Farmgate prices are so low that many producers would struggle to remain in business without subsidies, the NFU has warned.
Farm leader Meurig Raymond issued the warning following a House of Lords report which said the CAP should be reformed to reduce farmers’ reliance on direct payments.
The report calls for a fresh approach to help farmers meet the challenge of low market prices – rather than relying on the blanket distribution of direct support.
Published by the House of Lords EU energy and environment sub-committee, it says Brussels and the UK government should develop financial tools to help farmers contend with low prices.
Rather than focusing on direct payments, the report calls for a reformed CAP to primarily support the provision of public goods rather than focusing on direct payments.
It is clear that over the past 24 months, with prices where they are, many farmers would struggle to continue in business Meurig Raymond
While direct payments would continue to help farmers to withstand periods of low prices, the report says blanket reliance on such measures stifled innovation in the sector.
Mr Raymond said the report reflected many of the NFU’s “key asks” as a means to promote business resilience in UK agriculture.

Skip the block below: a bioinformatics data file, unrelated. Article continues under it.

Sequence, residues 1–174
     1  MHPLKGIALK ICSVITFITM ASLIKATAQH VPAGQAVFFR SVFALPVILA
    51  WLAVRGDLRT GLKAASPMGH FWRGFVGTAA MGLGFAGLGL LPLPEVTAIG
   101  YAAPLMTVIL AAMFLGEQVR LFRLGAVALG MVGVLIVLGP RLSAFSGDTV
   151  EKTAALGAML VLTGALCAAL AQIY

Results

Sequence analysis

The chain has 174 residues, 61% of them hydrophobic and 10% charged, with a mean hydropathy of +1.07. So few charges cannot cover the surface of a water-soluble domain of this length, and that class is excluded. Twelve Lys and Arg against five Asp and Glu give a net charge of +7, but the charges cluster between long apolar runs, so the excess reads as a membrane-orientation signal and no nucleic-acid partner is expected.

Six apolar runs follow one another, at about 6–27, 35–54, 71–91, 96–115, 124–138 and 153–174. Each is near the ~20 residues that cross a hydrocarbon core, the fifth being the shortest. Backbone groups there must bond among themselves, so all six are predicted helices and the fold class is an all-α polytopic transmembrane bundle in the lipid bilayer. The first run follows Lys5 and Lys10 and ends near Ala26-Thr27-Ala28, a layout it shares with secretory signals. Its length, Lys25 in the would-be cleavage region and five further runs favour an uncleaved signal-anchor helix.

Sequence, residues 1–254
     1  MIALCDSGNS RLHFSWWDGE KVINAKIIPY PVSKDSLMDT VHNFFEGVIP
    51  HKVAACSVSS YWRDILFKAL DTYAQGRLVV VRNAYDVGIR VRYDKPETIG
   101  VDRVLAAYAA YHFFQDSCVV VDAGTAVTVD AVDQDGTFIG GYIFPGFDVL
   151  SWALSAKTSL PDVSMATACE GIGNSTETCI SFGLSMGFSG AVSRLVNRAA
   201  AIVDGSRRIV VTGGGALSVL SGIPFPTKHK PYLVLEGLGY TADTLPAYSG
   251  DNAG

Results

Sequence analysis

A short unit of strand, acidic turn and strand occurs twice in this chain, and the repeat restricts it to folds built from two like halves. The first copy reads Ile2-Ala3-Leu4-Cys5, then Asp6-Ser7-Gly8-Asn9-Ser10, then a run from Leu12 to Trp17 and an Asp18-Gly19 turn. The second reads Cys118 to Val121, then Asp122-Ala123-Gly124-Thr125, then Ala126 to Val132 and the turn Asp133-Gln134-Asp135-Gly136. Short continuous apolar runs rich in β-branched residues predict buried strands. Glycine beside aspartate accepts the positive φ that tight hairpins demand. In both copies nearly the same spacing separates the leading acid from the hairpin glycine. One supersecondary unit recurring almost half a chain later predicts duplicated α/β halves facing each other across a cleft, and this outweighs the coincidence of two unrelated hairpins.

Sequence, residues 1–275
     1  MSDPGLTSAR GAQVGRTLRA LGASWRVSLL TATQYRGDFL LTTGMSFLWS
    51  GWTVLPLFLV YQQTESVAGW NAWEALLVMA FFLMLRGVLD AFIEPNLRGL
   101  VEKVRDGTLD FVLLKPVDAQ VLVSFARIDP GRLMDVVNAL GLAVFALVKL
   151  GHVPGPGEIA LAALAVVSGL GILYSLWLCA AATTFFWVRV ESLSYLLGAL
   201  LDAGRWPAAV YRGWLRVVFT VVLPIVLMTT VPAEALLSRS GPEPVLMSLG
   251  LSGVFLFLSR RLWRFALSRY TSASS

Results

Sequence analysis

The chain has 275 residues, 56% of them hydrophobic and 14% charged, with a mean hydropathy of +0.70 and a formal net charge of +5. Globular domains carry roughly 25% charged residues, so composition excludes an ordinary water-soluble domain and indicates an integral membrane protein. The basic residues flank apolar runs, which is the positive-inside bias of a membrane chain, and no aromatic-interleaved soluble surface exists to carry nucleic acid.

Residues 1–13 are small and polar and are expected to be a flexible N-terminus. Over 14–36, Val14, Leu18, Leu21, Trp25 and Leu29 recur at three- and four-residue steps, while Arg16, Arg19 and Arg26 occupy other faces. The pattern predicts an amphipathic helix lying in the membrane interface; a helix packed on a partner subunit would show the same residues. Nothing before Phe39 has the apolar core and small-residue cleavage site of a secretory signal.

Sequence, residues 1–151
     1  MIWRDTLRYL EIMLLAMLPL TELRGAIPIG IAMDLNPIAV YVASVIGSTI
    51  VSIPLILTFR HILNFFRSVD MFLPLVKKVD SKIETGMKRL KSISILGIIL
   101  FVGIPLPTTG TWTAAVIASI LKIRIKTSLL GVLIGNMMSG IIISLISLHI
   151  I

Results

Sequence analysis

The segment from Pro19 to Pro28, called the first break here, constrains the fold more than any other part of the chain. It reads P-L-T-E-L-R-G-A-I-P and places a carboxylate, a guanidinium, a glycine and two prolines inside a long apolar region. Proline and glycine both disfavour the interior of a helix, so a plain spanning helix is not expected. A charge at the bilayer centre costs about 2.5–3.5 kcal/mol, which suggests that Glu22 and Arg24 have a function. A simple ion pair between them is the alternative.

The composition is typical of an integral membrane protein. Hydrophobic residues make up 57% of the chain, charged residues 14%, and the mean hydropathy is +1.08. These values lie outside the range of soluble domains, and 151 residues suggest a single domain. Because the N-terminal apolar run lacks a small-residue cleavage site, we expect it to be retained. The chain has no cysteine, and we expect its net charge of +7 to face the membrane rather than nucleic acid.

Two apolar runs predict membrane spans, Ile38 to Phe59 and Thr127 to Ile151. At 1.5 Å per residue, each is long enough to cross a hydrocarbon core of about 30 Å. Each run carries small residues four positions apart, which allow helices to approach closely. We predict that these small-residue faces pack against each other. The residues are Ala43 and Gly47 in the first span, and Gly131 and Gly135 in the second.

It recognised the very difficult trading environment that many British farmers have been facing over the past 24 months – a sustained period of low prices across the board.
But the NFU president said decoupled direct payments should remain at the core of the CAP and their primary purpose should remain primarily an economic one.
Without them, said Mr Raymond, “it is clear that over the past 24 months, with prices where they are, many farmers would struggle to continue in business”.
He added: “Direct payments provide a degree of income stability which enables farmers to maintain productive capacity despite volatile agricultural markets and climatic shocks.”
Direct payments also provided some compensation for farmers in the EU who met higher production standards, said Mr Raymond.
They provided a security against which farmers could invest and leverage additional private investment from banks, he said.
And they allowed farmers to deliver a range of wider public benefits that flowed from the management of agricultural land.
“These are in addition to the basic public good of a secure supply of safe, high-quality food,” said Mr Raymond.
In the past 24 months, the average milk price has fallen by more than 33%, pigmeat by 30% and feed wheat by almost 40%.
Mr Raymond said: “Successive CAP reforms have led to changes in farm policy, with much less government intervention in agricultural markets.
“The NFU supports the progress towards a more market-led agricultural sector, where it is done fairly across the EU and without excessive bureaucracy.”